The Kimberley mine isn’t a special or unique colonial project. This same process was repeated over and over again wherever diamonds were found, whether in the Congo or in Canada. And to this day, while companies like De Beers and Tiffany claim a commitment to “conflict-free” diamonds, diamond mines are still ongoing sources of displacement, human rights violations, and exploitation. Just last year, the presence of child laborers in diamond mines in the DRC rose by almost 50%. In 2021, De Beers pleaded guilty to “failing to report mercury pollution” at their Canadian mines. And just a few weeks ago, waste material from Catoca mines polluted Angolan and Congolese waterways. Those affected were given meager baskets of “basic provisions”

To be clear, I don’t believe in projecting our ideals onto celebrities because celebrities will almost always fail to live up to our radical expectations. They are too invested in the systems that maintain their wealth and power. Malcolm X and Kwame Ture both warned us that Black celebrities and capitalists can’t be tasked with “leading social transformation.” Beyonce and Jay-Z are both celebrities and capitalists. It is a fact. I’m not expecting the Carters to divest from anything that will impact their bottom line. I’m not expecting them to turn down a campaign offer from Tiffany & Co., even though they have the access and resources to do their own research on the problematic history of the diamond industry. Tina Knowles’ recent comments, supporting her daughter and demeaning Black folks unable to purchase diamonds, just reinforces the stark divide between the Black people who have wealth and those who don’t. Wealth will almost always be weaponized as an indicator of morality and work ethic. 

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I’m not interested in critiquing Black capitalists for doing what we already know they will do.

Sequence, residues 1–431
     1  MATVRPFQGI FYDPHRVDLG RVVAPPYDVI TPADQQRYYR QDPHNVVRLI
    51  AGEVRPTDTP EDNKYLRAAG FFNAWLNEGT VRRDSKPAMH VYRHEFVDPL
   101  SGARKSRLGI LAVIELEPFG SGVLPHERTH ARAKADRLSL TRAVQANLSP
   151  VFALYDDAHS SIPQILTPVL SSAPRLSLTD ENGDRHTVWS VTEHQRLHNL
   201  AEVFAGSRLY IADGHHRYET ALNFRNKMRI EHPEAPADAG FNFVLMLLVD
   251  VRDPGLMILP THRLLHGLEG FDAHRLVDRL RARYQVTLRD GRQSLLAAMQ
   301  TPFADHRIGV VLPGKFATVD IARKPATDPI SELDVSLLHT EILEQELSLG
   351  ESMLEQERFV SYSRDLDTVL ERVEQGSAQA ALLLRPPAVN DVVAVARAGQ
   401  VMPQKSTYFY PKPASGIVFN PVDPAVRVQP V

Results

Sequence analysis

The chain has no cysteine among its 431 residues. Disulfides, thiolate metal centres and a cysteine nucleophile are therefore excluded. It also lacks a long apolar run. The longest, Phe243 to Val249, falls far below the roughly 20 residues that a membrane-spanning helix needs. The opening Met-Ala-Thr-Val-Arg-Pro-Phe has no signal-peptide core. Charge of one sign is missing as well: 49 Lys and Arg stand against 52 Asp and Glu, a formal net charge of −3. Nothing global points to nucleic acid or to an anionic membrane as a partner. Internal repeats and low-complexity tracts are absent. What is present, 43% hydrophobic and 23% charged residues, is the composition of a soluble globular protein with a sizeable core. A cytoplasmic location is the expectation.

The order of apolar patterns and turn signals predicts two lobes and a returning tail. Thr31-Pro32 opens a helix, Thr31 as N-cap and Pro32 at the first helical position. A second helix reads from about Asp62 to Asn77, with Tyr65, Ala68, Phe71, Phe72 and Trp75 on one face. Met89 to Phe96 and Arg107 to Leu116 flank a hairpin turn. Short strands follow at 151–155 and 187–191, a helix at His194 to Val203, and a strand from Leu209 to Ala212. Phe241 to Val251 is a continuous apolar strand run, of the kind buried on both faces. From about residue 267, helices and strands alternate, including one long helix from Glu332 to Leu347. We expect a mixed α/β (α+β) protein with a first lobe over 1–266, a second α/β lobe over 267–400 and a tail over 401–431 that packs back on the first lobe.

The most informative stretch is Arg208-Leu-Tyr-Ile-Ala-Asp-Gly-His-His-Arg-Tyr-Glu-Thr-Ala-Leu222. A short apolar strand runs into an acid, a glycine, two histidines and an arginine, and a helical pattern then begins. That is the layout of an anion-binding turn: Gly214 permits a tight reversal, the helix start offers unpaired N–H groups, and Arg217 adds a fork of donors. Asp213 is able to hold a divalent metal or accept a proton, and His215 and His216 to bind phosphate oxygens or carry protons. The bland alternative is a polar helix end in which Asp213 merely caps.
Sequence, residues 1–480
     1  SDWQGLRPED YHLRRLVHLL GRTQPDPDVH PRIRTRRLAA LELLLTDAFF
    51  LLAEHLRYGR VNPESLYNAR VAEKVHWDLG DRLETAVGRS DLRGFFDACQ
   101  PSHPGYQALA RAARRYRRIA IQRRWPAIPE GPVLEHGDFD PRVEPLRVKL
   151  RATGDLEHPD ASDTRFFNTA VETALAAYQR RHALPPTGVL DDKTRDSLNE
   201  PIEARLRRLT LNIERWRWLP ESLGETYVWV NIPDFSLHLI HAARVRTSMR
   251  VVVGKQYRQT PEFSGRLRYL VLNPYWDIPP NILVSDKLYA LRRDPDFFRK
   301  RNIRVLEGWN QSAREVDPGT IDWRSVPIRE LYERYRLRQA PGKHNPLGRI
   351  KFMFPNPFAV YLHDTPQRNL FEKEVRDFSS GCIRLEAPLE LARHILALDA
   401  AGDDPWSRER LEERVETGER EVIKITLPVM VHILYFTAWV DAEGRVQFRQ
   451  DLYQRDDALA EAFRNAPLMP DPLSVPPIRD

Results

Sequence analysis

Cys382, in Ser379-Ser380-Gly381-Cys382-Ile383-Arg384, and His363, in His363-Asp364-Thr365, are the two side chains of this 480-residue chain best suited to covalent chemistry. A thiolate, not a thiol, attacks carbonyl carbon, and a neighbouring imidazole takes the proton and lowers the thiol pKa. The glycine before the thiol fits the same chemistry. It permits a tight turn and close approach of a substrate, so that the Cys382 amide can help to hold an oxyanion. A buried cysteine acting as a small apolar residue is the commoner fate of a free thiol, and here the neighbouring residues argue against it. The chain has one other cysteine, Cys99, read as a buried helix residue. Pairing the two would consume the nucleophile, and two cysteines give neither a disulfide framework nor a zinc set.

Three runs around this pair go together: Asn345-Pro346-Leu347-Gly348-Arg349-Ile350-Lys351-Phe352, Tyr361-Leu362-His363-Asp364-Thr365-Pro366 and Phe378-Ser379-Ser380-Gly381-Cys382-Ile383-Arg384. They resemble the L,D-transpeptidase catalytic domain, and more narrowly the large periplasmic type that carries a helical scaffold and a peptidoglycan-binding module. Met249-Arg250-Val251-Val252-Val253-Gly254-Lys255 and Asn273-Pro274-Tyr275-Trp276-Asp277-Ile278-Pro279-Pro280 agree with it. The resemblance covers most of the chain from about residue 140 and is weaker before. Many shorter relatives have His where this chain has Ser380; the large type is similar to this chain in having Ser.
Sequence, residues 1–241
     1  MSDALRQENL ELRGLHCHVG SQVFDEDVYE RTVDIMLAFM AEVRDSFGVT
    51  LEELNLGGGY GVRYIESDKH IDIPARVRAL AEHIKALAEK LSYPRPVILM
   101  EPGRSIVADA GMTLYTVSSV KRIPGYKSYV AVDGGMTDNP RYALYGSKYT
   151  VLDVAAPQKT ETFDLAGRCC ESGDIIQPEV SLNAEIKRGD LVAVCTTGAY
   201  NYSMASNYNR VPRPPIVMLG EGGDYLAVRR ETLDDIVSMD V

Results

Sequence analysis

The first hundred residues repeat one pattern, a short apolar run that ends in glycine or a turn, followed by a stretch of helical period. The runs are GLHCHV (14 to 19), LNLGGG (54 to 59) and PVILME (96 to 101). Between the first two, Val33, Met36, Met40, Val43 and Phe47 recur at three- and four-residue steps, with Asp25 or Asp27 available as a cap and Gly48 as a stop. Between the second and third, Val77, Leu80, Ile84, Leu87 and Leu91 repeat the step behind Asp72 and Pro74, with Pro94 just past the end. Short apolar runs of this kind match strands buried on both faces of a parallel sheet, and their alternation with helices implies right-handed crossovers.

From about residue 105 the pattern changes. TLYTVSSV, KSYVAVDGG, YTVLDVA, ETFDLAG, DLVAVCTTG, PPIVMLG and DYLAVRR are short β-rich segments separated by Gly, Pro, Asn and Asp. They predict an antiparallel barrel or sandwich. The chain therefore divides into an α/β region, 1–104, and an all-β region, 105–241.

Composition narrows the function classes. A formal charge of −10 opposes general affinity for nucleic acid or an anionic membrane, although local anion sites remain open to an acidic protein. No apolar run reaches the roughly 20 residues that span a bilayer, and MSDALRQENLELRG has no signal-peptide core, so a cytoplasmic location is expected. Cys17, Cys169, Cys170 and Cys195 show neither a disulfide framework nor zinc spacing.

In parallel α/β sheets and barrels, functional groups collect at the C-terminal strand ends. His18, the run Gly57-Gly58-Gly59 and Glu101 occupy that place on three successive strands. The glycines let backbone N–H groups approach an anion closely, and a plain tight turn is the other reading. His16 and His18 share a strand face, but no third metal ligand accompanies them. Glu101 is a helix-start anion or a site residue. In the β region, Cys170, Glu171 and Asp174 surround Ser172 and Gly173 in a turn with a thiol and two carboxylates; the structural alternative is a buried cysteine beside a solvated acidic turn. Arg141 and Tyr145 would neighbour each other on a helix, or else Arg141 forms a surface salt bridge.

Instead, the focus should be on the predatory inclusion practices that companies like Tiffany & Co. utilize to sell “representation” back to Black and brown people through consumable products. These companies and organizations will always support “representation” but only because they’ve determined that doing so will benefit profit. The free market has capitalized off of the freedom struggle and continues to do so. Tiffany & Co. made a calculated move with this campaign. The $2 million to HBCUs, a meager portion of the $4.97 billion the company is currently valued at, is just a byline used to bolster Tiffany’s “mission.”

Beyonce and Jay-Z can have their diamonds. They can have their wealth. I am not expecting them to lead or fund the revolution. The sooner fans and critics of the Carters stop expecting that, the sooner we can stop having these circular conversations about the place of Black capitalists within our liberatory struggles. 

We can ask our Black celebrities to try to do better. To try to inform themselves so they don’t participate in harmful marketing campaigns, like this one. To try to show some sense of being in solidarity with working class peoples. But at the end of the day, colonial institutions like Tiffany & Co. are pulling the strings. The Carters, and others too dedicated to wealth to divest from capitalism, are merely their puppets.

Arielle Gray is a Black queer Boston-based writer and artist. She is the Arts Engagement Producer for WBUR’s arts and culture team. Her freelance writing has appeared in VICE, Glamour, Bustle and Huffington Post. Most recently, she co-curated “Combahee’s Radical Call,” a yearlong exhibition celebrating the work of the Combahee River Collective in Boston. Her artwork has been featured in The Boston Globe, BBC Arabic, ATTN and Boston Art Review. She is the co-founder of Print Ain’t Dead, a publishing and literary platform centering the work of LGBTQIA BIPOC.